Sweeping powers

The interior ministry has decided to give the paramilitary Rangers in Karachi sweeping powers to curb violence, specifically the targeted killings that are occurring with increasing frequency in the city. Among these powers is the authority to arrest anyone involved in violence for 90 days.

According to official figures, 256 people have been killed in the past six months alone in incidents of targeted killing. There can be no two views on the need for the state to deal firmly with criminals and violent elements within the ambit of the law. But we question the wisdom of giving such extensive powers to the Rangers. Are the Rangers meant to aid Karachi’s regular force in curbing crime? Or does the move reflect the state’s lack of trust in the capabilities of the police force?

Reports about the increase in the Rangers’ powers had been circulating for months. Some have justified giving the Rangers more powers because of the general consensus that the police are too politicised to be able to operate independently. It is argued that if the Rangers carry out operations against politically linked suspects on their own, they could do a better job. Well-connected suspects are said to be freed from police custody because of their links to those with clout. Though the politicisation of the police is no secret, bypassing the civil law-enforcement structure is surely not the answer. In order to achieve results, wouldn’t it be better to overhaul the provincially controlled police and improve the investigation process than grant the federally controlled Rangers far-reaching powers?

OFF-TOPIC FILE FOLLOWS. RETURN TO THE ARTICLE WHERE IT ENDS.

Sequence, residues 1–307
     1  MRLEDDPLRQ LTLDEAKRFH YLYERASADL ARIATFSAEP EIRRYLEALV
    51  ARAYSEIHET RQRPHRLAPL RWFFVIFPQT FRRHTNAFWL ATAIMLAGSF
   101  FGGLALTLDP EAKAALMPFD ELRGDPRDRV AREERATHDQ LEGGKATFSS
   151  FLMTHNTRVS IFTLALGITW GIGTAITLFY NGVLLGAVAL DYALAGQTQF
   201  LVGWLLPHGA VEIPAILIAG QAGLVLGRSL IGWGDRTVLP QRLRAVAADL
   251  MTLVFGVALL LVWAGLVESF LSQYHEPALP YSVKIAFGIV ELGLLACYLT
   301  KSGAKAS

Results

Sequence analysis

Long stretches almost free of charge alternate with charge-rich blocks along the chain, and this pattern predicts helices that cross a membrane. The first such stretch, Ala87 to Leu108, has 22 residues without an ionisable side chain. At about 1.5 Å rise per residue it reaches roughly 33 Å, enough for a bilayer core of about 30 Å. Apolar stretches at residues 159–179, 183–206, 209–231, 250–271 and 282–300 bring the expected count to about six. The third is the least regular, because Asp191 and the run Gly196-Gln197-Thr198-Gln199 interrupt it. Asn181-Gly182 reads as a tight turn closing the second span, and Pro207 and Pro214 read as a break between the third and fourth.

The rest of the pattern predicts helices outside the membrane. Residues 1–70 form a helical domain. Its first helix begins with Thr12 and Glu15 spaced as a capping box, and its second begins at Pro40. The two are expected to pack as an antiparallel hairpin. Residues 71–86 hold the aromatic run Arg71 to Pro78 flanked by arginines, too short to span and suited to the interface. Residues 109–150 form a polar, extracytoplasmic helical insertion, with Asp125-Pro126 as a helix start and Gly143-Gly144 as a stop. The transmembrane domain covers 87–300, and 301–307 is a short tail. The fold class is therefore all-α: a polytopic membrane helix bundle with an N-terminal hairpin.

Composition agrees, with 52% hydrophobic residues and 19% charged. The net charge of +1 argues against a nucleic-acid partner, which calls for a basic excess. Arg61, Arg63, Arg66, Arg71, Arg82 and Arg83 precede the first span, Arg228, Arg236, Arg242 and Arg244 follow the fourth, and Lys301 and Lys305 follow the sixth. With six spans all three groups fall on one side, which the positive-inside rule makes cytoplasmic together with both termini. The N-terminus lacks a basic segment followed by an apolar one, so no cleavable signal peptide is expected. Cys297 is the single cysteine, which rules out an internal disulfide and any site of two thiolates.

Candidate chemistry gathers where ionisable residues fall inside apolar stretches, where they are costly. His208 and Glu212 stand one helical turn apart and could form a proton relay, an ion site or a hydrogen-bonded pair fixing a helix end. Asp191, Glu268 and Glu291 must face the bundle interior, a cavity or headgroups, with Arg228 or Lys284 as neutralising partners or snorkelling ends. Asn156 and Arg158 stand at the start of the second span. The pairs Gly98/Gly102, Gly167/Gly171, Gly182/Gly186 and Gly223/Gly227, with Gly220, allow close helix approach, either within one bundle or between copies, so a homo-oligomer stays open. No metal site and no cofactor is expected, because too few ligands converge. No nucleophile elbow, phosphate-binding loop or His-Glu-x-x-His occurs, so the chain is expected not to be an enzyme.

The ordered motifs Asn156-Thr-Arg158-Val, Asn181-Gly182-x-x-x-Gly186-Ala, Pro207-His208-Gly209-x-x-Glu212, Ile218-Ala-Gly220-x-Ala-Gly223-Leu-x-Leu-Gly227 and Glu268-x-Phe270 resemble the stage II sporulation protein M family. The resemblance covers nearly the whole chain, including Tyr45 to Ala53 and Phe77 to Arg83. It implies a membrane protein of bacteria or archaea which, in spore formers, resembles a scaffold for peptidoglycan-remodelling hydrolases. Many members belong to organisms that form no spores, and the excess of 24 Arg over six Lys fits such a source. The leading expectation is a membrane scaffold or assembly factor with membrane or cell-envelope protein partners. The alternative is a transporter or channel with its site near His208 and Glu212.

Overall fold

We must also see the Rangers’ past record in Karachi to decide whether giving the paramilitary force extra powers would be beneficial in the long term. The Rangers have been in the metropolis for over two decades now. Their performance can be described as patchy at best; they have also been criticised for standing aside when a deteriorating law and order situation has caused trouble to flare in the city. The Rangers’ commercial activities have also drawn censure. Police reform and de-weaponising Karachi are the key to peace in the metropolis, not sweeping powers for the Rangers.

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